Strikeout: After Nestle Tollhouse chocolate chip, snickerdoodles may have been the first kind of cookie I learned to make. They're so simple it's no wonder that little kids can master them. And who doesn't like a sweet mouthful of cinnamon and sugar?
When I recently saw a recipe in Food & Wine for chocolate snickerdoodles, I knew I had to make them. Because while I always liked the original recipe, they can be a little boring. Chocolate seemed like a fantastic idea.
I regret to say that this recipe was terrible and I vehemently recommend you do NOT make it. The baking time was way off and the cookies turned out hard as rocks and as bland as can be. I choked down two, the husband one, and the rest hit the compost bin.
Too bad, because they were pretty as a picture, as the husband might say.
But I can't eat pretty. Recipe: fail.
Sophie's BFF: A few weeks ago, Sophie's friend Ruby came to stay with us for a few days. The two pups are about a year apart in age and have developed a rapid little dog friendship. They wrestle and romp until they collapse, exhausted, for about five minutes. Then they're at it again.
Seeing them reminded me of the time we took care of Django, who was Ruby's older brother. He and Frances didn't play together--at that point, Frances was 14 and Django was probably 13--but they did seem to enjoy each other's quiet company, much like a contented old couple. Neither one of them could hear much by that point, which meant they could easily ignore anything we said. They did, however, seem to have a sliver of hearing reserved for the clinking of pots in the kitchen, which always brought them running for scraps. Our friends lost sweet Django a few months ago, and while their world and the animal kingdom still suffer his absence, there is always hope in the next generation.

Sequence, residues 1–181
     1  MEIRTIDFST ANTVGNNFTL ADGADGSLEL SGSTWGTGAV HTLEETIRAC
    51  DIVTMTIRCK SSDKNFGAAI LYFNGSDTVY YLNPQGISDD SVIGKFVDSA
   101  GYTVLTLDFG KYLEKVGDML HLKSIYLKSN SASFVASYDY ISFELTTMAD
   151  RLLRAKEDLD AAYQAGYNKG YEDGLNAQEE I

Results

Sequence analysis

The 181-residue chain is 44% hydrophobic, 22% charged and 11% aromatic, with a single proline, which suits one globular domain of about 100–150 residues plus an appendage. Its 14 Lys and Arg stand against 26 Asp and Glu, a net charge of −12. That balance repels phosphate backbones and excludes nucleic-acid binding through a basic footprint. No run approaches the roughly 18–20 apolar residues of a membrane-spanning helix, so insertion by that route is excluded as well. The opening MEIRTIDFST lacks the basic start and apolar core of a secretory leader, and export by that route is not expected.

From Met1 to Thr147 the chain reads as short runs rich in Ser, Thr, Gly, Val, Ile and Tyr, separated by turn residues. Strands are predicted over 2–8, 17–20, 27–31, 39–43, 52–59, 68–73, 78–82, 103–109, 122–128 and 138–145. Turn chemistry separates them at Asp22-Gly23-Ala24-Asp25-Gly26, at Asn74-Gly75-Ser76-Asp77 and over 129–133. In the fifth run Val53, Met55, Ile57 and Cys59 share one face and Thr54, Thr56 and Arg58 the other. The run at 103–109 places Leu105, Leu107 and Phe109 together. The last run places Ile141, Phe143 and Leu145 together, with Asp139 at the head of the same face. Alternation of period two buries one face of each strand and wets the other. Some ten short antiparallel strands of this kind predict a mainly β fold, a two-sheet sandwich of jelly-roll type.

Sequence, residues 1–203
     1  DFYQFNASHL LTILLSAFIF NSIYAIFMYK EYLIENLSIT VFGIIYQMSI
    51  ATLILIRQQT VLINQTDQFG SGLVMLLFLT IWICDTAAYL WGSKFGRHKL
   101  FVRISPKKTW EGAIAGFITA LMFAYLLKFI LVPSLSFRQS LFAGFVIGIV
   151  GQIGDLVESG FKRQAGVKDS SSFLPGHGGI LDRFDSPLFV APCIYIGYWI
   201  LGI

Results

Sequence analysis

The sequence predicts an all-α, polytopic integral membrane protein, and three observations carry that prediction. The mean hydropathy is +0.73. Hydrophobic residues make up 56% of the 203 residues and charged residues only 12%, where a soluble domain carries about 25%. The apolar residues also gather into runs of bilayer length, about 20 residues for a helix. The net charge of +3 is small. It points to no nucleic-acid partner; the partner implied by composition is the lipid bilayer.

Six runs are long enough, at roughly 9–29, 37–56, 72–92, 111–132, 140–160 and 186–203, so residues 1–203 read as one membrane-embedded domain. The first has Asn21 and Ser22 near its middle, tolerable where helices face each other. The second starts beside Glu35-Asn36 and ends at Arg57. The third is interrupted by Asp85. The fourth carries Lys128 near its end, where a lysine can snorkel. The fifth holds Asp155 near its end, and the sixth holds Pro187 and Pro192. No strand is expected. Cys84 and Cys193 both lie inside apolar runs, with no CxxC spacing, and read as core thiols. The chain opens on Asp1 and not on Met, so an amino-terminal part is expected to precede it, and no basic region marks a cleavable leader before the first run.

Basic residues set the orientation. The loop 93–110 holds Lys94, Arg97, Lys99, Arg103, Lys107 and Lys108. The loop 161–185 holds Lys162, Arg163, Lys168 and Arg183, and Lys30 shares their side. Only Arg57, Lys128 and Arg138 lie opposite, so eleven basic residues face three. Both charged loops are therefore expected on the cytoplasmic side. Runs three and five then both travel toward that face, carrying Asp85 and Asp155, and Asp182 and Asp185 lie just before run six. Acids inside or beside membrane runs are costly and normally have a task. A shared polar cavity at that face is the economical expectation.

There's also tug-of-war...
Gazing into each other's eyes...
Watching TV together...
And straight-up snoozing.
We had the best time with Ruby. She is, like her name, a little gem and welcome any time!
Be thankful, be generous: Given my rate of posting these days, I suspect this will be my last post before Thanksgiving. We're not hosting this year (going to Ruby's house!) but I will be doing some cooking: cauliflower gratin, pumpkin chiffon pie, and, if I'm feeling froggy, stuffed mushrooms.
Although I would like to think I am the kind of person who spends each day being thankful for everything I have and never feeling fussy or greedy or envious, I know in my heart that this is not true. So, around Thanksgiving, I do try to really appreciate what I have. This year, I am deeply thankful for: my husband, my dog, my family, my friends, my health, my work, and my home, not necessarily in that order.
I wish you all a wonderful holiday! May it be filled with delicious food in outrageous proportions and spent with those you treasure. Also, I encourage you, if you have anything to spare, to give to your local food bank. If you're in the Bay Area, here are links to food banks in San Francisco (now merged with the Marin Food Bank), San Mateo/Santa Clara, and Alameda. I'm sure I don't need to tell you about the staggering need. And, as someone who fundraises professionally, I can tell you that whatever you're able to give, either in money, groceries, or volunteer time, will make a difference.
Happy Thanksgiving to you all!